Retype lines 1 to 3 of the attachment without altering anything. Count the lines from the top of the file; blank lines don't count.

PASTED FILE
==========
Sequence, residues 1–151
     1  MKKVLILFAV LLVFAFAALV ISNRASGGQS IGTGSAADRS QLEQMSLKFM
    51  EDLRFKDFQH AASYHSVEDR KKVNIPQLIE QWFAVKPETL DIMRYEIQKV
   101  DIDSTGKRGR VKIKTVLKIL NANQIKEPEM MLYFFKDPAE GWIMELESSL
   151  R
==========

Sequence, residues 1–151
     1  MKKVLILFAV LLVFAFAALV ISNRASGGQS IGTGSAADRS QLEQMSLKFM
    51  EDLRFKDFQH AASYHSVEDR KKVNIPQLIE QWFAVKPETL DIMRYEIQKV